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To apply the logic often used in the comments with regard to electronic break-ins: it's obviously the fault of the ATM manufacturers and building crews for not securing their premises against this simple and obvious form of attack. They're criminally incompetent and should clearly not be allowed to own or operate a bank machine.
I've read some stupid comments on here but yours sir, takes the biscuit.
Comments on electronic break-ins where the manufacturer or software company is blamed are usually not a loss to the company but to the people using that companies software/hardware or service.
This is the banks own loss so they are responsible for it, therefore it is the criminals that are to solely to blame as they are breaking the law.
In the first instance not only are the criminals breaking the law but it should also be that company that is strung up. To try and blame banks for criminals blowing up ATM's is ridiculous but to blame companies for the sloppy handing of customer information or crap hardware security is fair game because it is not just them that suffer though it never works out that way.
I really am at a loss as to how anyone could not make that distinction.
Actually, I'm going to go ahead and agree with this compared logic for the better of society. Thanks for getting me to think :-)
Banks make more than enough money to put an armed guard at every one of their ATMs 24/7. One armed guard per ATM would result is a serious drop in these explosive thefts, armed robbery at ATMs and create thousands of jobs. Seriously, the thinking of "too costly" put us where we are today, let's get back to creating jobs.
Actually they do because tender is required to complete a transaction if you don't use barter. It only gets dicey when a debt is involved, but normal store transactions don't normally constitute debts. Anyway, there are no laws in America that require someone to accept a bill unless a debt is involved (thus the words "Legal Tender for all debts, public and private").
In the UK, legal tender laws specifically list exceptions such that stores, city councils, and the like get relief from pester payments. You're expected to pay your dues with a reasonable spread of coinage and/or notes. In general, notes are always welcome unless they're too ungainly (say a £100 to buy £2 worth). Pound coins, again, are good in general. Pence coins, OTOH, tend to limit you to no more than certain amounts at a time for various coinage denominations.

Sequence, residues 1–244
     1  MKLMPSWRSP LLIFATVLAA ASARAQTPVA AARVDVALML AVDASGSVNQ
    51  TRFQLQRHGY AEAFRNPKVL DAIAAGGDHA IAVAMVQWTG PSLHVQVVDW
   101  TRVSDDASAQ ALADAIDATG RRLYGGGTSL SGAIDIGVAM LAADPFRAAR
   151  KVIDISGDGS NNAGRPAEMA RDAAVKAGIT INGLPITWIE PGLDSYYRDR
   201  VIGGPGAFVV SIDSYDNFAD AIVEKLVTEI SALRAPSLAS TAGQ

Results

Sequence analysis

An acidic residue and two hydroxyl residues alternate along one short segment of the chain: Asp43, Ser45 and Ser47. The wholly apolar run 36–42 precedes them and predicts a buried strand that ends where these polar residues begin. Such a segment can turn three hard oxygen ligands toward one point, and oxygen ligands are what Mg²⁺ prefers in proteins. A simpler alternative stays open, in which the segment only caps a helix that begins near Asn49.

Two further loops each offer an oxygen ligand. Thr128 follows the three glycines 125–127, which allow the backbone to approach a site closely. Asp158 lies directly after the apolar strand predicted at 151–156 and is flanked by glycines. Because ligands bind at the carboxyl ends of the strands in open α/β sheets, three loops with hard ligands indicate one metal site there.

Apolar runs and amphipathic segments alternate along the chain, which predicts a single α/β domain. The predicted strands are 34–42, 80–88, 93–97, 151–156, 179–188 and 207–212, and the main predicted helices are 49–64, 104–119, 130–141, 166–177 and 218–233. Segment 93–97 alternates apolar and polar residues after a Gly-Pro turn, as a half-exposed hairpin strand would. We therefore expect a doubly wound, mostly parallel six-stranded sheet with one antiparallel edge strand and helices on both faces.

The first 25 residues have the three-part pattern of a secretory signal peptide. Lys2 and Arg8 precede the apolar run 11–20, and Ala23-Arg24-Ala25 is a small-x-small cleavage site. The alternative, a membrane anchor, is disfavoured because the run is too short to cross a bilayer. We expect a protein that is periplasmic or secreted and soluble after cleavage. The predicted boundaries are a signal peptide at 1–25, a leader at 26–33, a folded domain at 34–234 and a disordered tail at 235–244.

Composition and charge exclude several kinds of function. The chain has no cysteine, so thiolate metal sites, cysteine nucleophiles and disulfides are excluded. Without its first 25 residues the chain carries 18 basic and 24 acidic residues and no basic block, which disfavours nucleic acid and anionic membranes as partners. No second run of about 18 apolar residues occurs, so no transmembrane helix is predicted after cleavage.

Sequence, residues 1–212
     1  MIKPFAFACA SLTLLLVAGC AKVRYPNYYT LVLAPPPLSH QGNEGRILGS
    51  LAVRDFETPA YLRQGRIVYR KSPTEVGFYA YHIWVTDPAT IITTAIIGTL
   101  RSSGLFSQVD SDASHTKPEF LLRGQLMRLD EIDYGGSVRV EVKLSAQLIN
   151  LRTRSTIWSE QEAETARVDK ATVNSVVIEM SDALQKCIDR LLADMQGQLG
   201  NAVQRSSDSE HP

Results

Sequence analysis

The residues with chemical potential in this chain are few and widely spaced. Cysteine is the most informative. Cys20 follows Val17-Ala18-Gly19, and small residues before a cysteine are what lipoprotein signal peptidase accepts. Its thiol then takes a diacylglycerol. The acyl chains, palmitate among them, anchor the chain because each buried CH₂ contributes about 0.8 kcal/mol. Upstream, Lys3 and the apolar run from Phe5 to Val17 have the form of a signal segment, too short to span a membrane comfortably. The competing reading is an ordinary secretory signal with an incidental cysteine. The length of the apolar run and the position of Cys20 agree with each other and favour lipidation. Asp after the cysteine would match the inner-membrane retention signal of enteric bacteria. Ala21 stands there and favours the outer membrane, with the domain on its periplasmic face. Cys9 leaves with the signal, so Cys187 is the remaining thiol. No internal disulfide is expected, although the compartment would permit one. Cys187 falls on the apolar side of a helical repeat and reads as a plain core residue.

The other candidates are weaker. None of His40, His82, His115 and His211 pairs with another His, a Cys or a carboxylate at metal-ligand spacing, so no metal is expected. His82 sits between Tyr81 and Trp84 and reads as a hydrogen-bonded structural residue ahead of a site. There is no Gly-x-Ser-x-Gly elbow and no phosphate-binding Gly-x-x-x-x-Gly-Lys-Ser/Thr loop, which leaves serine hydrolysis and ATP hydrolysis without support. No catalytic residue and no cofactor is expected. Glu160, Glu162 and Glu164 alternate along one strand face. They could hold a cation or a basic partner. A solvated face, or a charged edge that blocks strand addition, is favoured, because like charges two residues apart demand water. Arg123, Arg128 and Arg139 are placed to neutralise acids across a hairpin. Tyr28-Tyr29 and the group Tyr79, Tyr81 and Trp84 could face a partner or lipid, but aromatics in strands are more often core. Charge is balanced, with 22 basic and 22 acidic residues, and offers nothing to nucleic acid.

> a £100 to buy £2 worth
Here in Switzerland I’ve seen somebody hand over a 200-franc note to pay for a single 3-franc item in a small supermarket. The cashier made change without even batting an eyelid.
Beats the usual, “Have you got nothing smaller?” from grumpy shopkeepers in Blighty when you try to pay with a £20 note, which is all you’ve got because it’s the only thing the cash machine dispenses…
>Here in Switzerland .. a 200-franc note to pay for a single 3-franc item in a small supermarket
Normally shops are wary because it's a common way for crooks to launder counterfeit or stolen large notes.
In Switzerland I assume the equivalent would be for crooks to come in with a train load of Nazi gold to buy a 3-franc item.
If it's solid, unless it's black powder (sulfur, saltpetre, charcoal), odds are it's homemade ANFO via fertilizer bomb, The only trick is renaturing explosive ammonium nitrate out of common fertilizer, but Oklahoma City proved it possible. If the criminal ring is more sophisticated, they could theoretically get access to stuff like RDX which can then be made in a wide variety of explosives.
Nitric acid, sulphric acid and cotton wool will render a large enough quantity of nitro cellulose and ALL are available on your favourite tat bazzars for less than 20 quid. Chances of losing a finger?
Practically nill provided care is taken and temps kept low.
Wanna knock it up a notch? Pentaerythritol, again, readily available in "hobby" quantities.